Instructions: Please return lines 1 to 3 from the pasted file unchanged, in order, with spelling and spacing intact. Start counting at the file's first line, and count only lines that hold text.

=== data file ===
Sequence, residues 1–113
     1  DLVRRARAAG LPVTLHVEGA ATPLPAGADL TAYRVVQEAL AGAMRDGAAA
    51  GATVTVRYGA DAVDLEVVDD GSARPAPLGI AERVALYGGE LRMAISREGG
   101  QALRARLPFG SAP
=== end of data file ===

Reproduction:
Sequence, residues 1–113
     1  DLVRRARAAG LPVTLHVEGA ATPLPAGADL TAYRVVQEAL AGAMRDGAAA
    51  GATVTVRYGA DAVDLEVVDD GSARPAPLGI AERVALYGGE LRMAISREGG